The Senate Finally Catches Up

For how many years has everybody with any sense known this?

Saddam Hussein rejected overtures from al-Qaida and believed Islamic extremists were a threat to his regime, a reverse portrait of an Iraq allied with Osama bin Laden painted by the Bush White House, a Senate panel has found.


Tough Luck, Illinois Bigots

Your attempt to enshrine your hatred in law has been thwarted:
A three judge panel of the Seventh Circuit Court of Appeals has ruled against a conservative group trying to get a same-sex marriage referendum on the November ballot.

Protect Marriage Illinois, a group made of of several anti-gay religious organizations, argued that Illinois election laws "excessively burden access" to the ballot after the state rejected their referendum for not securing enough supporters.

The group submitted 340-thousand names for the referendum to the Illinois Elections Board. It was more than the 283-thousand required, but a spot check by a board panel found only 91percent were valid. (story) The state requires a 95 percent validation rate on test samples.


Shoddy Operation

Of all organizations, especially in the age of AIDS, the Red Cross really needs to adhere to safety regulations, wouldn't you think?
The American Red Cross said money it makes selling blood will help cover the latest in a series of multimillion-dollar government fines. The Food and Drug Administration ordered the Red Cross on Friday to pay $4.2 million for violating blood-safety laws. The record fine is on top of $5.7 million the Red Cross already has been assessed by the FDA since a court settlement reached in 2003.

The latest fine is for violations that include failing to reject donors who had traveled to malarial areas and allowing blood and related products to be distributed without proper testing, said Margaret Glavin, the FDA's associate commissioner for regulatory affairs.


Green Energy Saves Lives

Just ask the soldiers
who are fighting to keep the oil flowing:

Memo to Pentagon brass from the top United States commander in western Iraq: Renewable energy — solar and wind-power generators — urgently needed to help win the fight. Send soon.

Calling for more energy in the middle of oil-rich Iraq might sound odd to some. But not to Marine Corps Maj. Gen. Richard Zilmer, whose deputies on July 25 sent the Pentagon a "Priority 1" request for "a self-sustainable energy solution" including "solar panels and wind turbines."

The memo may be the first time a frontline commander has called for renewable-energy backup in battle. Indeed, it underscores the urgency: Without renewable power, U.S. forces "will remain unnecessarily exposed" and will "continue to accrue preventable ... serious and grave casualties," the memo says.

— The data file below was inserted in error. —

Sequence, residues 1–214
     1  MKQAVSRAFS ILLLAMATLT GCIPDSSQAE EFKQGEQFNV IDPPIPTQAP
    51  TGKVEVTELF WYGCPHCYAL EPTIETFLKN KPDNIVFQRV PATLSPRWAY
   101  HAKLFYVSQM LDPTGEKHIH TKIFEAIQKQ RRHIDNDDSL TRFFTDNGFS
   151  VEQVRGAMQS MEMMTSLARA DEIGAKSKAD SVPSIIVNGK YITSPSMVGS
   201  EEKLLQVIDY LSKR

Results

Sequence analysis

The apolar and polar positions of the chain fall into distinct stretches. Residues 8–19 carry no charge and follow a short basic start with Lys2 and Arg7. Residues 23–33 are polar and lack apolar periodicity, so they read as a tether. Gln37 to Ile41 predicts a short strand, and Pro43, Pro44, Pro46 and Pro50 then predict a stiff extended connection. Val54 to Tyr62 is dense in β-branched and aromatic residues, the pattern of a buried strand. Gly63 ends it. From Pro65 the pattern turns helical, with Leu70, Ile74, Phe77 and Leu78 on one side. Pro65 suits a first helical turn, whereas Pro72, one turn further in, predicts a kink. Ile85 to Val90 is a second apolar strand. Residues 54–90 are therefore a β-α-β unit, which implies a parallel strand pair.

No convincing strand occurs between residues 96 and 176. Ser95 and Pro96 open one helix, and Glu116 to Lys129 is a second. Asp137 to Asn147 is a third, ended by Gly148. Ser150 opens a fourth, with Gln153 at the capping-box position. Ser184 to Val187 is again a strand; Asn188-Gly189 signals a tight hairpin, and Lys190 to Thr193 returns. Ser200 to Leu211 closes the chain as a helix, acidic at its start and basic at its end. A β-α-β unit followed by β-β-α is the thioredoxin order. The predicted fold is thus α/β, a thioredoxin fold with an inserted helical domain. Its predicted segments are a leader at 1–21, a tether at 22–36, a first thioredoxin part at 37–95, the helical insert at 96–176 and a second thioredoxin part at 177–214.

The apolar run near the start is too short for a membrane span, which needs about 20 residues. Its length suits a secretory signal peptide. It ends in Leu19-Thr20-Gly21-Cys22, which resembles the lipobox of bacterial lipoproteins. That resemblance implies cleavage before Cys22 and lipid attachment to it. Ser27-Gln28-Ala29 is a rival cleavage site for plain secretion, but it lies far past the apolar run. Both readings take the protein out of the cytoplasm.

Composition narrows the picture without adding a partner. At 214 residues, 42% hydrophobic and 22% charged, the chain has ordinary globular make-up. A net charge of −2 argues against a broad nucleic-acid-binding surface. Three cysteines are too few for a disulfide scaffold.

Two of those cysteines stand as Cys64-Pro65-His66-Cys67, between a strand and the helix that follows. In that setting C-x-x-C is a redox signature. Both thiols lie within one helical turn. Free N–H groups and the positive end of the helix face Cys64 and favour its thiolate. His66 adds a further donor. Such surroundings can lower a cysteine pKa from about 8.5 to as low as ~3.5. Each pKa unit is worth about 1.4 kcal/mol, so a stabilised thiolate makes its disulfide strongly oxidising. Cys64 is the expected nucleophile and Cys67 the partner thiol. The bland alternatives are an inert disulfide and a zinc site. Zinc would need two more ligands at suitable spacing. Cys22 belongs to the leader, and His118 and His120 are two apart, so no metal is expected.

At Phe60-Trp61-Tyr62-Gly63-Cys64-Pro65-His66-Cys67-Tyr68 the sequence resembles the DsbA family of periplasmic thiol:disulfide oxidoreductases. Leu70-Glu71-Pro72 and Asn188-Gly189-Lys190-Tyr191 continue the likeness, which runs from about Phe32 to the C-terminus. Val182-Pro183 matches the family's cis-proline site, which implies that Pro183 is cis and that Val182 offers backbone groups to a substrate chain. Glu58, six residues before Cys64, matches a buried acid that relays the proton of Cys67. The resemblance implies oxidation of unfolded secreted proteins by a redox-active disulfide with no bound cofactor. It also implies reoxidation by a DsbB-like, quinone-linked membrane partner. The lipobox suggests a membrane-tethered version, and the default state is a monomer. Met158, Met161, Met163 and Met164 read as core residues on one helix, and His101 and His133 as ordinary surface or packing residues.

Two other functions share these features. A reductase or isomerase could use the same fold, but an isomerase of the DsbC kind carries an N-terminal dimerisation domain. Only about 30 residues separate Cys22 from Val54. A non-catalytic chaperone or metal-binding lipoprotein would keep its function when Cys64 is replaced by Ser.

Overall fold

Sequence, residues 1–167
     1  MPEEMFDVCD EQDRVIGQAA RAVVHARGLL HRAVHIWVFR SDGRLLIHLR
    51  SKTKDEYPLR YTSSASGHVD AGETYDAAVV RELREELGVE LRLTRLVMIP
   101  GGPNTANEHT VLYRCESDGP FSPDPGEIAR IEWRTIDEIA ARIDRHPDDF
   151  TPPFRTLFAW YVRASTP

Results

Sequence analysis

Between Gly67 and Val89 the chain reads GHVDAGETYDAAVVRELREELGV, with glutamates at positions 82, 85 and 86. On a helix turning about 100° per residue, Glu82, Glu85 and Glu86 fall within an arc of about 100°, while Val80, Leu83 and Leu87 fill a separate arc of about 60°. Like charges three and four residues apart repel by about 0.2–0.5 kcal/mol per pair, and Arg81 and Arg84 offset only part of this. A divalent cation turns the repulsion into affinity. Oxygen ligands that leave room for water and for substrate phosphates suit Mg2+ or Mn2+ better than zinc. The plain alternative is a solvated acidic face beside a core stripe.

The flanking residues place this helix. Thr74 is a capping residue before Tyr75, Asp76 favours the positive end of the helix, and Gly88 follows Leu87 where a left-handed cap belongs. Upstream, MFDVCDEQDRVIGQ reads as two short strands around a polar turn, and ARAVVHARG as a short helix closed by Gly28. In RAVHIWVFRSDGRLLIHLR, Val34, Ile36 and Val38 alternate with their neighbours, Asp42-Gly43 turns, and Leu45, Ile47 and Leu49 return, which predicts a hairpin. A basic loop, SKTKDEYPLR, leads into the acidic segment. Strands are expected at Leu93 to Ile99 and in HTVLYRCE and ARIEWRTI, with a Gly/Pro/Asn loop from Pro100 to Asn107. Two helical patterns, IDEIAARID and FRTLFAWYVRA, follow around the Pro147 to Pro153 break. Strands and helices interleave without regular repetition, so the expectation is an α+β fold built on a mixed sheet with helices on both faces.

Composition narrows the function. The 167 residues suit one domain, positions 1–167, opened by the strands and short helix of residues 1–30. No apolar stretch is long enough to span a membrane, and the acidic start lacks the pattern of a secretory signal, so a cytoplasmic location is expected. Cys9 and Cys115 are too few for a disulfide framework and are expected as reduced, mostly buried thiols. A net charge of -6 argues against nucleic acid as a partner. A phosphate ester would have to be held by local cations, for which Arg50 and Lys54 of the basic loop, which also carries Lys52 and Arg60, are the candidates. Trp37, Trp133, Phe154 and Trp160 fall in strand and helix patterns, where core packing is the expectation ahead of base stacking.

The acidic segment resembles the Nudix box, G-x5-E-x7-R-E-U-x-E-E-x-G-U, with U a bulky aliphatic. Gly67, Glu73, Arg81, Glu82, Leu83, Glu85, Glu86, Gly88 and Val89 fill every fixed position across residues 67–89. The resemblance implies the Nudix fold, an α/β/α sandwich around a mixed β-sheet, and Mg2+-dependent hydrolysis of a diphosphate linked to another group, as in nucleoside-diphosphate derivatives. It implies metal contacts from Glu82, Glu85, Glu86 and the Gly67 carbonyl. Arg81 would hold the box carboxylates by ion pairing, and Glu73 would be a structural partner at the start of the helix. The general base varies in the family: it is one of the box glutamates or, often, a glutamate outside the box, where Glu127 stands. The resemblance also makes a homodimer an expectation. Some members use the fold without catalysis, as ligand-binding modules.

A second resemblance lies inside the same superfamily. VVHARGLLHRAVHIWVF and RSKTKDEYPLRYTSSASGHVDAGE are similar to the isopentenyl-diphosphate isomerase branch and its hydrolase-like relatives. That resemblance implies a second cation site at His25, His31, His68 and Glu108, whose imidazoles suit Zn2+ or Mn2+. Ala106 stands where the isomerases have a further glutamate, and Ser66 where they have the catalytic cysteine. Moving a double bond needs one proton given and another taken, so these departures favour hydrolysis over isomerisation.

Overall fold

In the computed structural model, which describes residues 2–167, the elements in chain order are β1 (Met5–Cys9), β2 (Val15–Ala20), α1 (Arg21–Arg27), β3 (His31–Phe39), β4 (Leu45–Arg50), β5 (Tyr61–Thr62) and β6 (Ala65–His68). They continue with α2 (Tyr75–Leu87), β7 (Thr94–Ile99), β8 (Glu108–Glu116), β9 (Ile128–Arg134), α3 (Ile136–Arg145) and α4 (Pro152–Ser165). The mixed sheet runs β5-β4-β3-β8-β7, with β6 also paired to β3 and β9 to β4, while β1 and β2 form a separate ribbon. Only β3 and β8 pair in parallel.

Apparently, the brass is heeding that call. The U.S. Army's Rapid Equipping Force (REF), which speeds frontline requests, is "expected soon" to begin welcoming proposals from companies to build and ship to Iraq 183 frontline renewable-energy power stations, an REF spokesman confirms. The stations would use a mix of solar and wind power to augment diesel generators at U.S. outposts, the spokesman says.

Despite desert temperatures, the hot "thermal signature" of a diesel generator can call enemy attention to U.S. outposts, experts say. With convoys still vulnerable to ambush, the fewer missions needed to resupply outposts with JP-8 fuel to run power generators — among the Army's biggest fuel guzzlers — the better, the memo says.

"By reducing the need for [petroleum] at our outlying bases, we can decrease the frequency of logistics convoys on the road, thereby reducing the danger to our marines, soldiers, and sailors," reads the unclassified memo posted on the website, a defense industry publication that first reported its existence last month.


Protecting Alaska

A bit of good news:
A federal judge issued a preliminary ruling on Thursday that temporarily blocks the U.S. administration's plan to allow oil development in the sensitive wetlands near vast Teshekpuk Lake in Arctic Alaska.

The U.S. Bureau of Land Management (BLM) failed to properly consider the impact of oil development in areas near the National Petroleum Reserve-Alaska on the state's North Slope region, U.S. District Court Judge James Singleton said.

The marshy tundra that lies between Teshekpuk Lake, the biggest inland water body in Arctic Alaska, and the Arctic Ocean is prized for both its wildlife and its petroleum potential.

Singleton said that, unless the BLM can convince him to change his mind, the Teshekpuk Lake sale, scheduled to take place on September 27, might not be held because it was based on flawed environmental assumptions.